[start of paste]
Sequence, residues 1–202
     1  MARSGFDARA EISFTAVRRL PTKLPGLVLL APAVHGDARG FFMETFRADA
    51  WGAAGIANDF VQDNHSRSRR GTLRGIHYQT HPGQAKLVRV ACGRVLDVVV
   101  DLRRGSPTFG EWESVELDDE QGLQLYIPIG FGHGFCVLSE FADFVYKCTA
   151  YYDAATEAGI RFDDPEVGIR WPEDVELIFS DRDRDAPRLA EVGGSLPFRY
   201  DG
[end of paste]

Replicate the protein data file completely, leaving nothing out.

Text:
Sequence, residues 1–202
     1  MARSGFDARA EISFTAVRRL PTKLPGLVLL APAVHGDARG FFMETFRADA
    51  WGAAGIANDF VQDNHSRSRR GTLRGIHYQT HPGQAKLVRV ACGRVLDVVV
   101  DLRRGSPTFG EWESVELDDE QGLQLYIPIG FGHGFCVLSE FADFVYKCTA
   151  YYDAATEAGI RFDDPEVGIR WPEDVELIFS DRDRDAPRLA EVGGSLPFRY
   201  DG